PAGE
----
July 1925 - December 1970
Gus Wilson's Model Garage

The Author  The Stories 

1925-1929       1930-1939       1940 - 49       1950 - 59       1960 - 69      1970

Alphabetical List of Stories    Monthly Illustration Galleries   Index Links-All Stories

January 1930


Site Map

Cover Galleries

Of Interest

Martin Bunn

Gus Wilson

The Gus Project

Word® Docs

Original Scans

Hall of Fame

Mechanic's Creed


Take the Test


Hints from the Model Garage



by Martin Bunn


"Watch out," Joe Clark called warningly to his partner, Gus Wilson.  "Here comes Mrs. Sedgwick trundling her combination rolling nursery and dog kennel."

   Gus looked up from his work just in time to see Mrs. Sedgwick cut in to the Model Garage gasoline pump so closely that the rear wheel bounced over the curbing.

   "There," she said pointedly, "I hit that curb again. "Too bad, Mr. Wilson, that you didn't make your driveway wide enough so that a car can get into it without bumping into something."

   Joe repressed a snicker as he started the gasoline flowing, for the driveway was plenty wide and the curved approach was not especially severe.

   "I guess it ought to be a little wider," agreed Gus placatingly, "but if you'd cut over a little further when you drive in I am sure you wouldn't have any trouble."

   Whatever reply Mrs. Sedgwick may have made was drowned by the clamor of the children, accompanied by the yapping of the dog.

   "Dear me," complained Mrs. Sedgwick distractedly, "every time I stop, the children insist on getting ice cream cones.  As I was saying, "she went on, "I don't see how I could drive into this place any straighter.  I know the front wheels were exactly in the middle of the road."

   "That's just what's the matter," observed Gus with a smile.  "Joe," he said, "why don't you take the kids down and get them some ice cream cones.  Meanwhile, I'll show Mrs. Sedgwick some tricks in handling a car."

   Mrs. Sedgwick nodded agreement and Joe started down the road with a youngster dangling on each arm and the dog hopping about underfoot.

   "Well," observed Gus, "one thing that lots of drivers never seem to get the hang of is maneuvering a car in close quarters.  That's your trouble, Mrs. Sedgwick.  There's nothing hard about it -- if you'll once get straightened out on just what goes on when you turn the steering wheel.  The car really doesn't turn.  It's dragged around when you're going forward, or pushed around when you're going backward.  When you turn the steering wheel the front wheels, instead of rolling straight ahead, start rolling off at an angle and they pull the front of the car along with them.  The rear wheels actually resist this motion.  They are being pulled out of the line that they naturally would roll in.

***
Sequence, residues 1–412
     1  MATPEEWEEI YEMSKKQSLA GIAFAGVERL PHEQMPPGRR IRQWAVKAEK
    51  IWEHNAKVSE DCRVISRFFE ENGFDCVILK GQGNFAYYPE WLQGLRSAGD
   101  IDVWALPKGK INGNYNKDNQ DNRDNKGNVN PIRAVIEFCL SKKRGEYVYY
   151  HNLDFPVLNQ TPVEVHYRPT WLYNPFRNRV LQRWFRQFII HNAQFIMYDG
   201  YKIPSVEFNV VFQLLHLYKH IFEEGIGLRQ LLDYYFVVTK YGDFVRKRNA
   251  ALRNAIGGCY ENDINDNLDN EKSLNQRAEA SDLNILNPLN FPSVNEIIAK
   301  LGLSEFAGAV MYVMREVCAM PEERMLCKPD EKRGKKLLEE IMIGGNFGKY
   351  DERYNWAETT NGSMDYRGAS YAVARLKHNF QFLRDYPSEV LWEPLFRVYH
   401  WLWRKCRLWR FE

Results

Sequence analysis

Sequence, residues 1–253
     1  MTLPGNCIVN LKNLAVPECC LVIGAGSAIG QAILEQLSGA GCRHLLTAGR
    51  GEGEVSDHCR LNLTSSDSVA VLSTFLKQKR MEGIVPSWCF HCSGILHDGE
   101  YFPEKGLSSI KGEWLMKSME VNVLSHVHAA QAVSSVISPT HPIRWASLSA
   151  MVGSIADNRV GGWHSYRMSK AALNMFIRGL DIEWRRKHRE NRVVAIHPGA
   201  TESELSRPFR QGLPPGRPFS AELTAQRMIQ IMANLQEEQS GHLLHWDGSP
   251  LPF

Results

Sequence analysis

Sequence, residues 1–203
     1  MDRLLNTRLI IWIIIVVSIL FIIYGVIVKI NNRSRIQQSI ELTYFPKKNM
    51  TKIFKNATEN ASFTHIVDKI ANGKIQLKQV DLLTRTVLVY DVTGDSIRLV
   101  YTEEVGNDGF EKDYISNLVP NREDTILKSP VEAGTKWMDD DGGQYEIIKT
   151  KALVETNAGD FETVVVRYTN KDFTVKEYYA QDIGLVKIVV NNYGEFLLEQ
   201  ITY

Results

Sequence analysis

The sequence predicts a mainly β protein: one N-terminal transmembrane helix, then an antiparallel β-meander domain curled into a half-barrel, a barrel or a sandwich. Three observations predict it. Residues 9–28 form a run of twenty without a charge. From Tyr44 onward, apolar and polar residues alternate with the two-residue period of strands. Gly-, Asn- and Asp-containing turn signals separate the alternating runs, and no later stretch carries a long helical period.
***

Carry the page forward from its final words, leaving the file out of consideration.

"The next thing to get settled is the fact that the front wheels and the rear wheels never roll in exactly the same track except when the front wheels are pointed straight ahead.  The minute you turn the front wheels in either direction the car makes four tracks on the ground, two for the front wheels and two for the rear wheels.  The third point is that whenever you go around a curve the tracks of the rear wheels always are nearer the curb than the tracks of the front wheels.  That's why the back of the car may hit something even after the front clears it."

   "It's funny," exclaimed Mrs. Sedgwick, "that nobody ever bothered to tell me that before.  Now I can see why I keep hitting curbstones with the rear wheels when I go round corners real sharp.  Just for fun, I think I'll drive out and then drive in again and see if I can do it without hitting the curbstone this time."

   "That's the idea," said Gus; "and when you come in this time steer the front wheels over a ways toward the outside edge of the drive.  Then there'll be room for the rear wheels to cut inside there and still clear the curbstone."

   Gus watched while Mrs. Sedgwick drove around again.  This time she cleared the curb by at least a foot.

   "You've got the idea now," said Gus.  "The next thing is to back up right. In backing, you figure things out exactly the reverse of driving forward.  The front wheels, not at the rear, always go outside the curve of the rear wheels.  Backing into a curved driveway isn't hard if you remember to steer so that the rear wheels hug the inside edge of the driveway.  Then there will be plenty of room for the front wheels to swing outside them without hitting the other side of the driveway.  Suppose you go out on the road now and try and back in front of the gasoline pump.  Take it slow."  Mrs. Sedgwick tried it with only fair success.  She cut in so close that the rear wheel jammed against the curb.

   "It's so confusing," she said, "to try to remember which way to turn the wheel when you are steering backward.  I always turn it the wrong way."

   "That's natural," explained Gus, "The trouble is when you are going backward the steering wheel seems to work the wrong way.  Try to forget there's a steering wheel, and while you are looking out the window backwards place your forearm across the wheel with your right hand grasping the left edge of it.  Then remember to pull your hand toward you when you want the car to turn toward the side on which you are looking, or push your hand away from you if you want the car to turn the opposite way."

   Mrs. Sedgwick tried it again, and managed much better.

   "I certainly am grateful to you, Mr. Wilson." She smiled enthusiastically. "Is there anything else I ought to know?"

   "Just one thing," said Gus, "and that is take your time.  If you get confused, throw the gear lever into neutral, put on the brake and figure out what to do."


Top of Page


L. Osbone 2019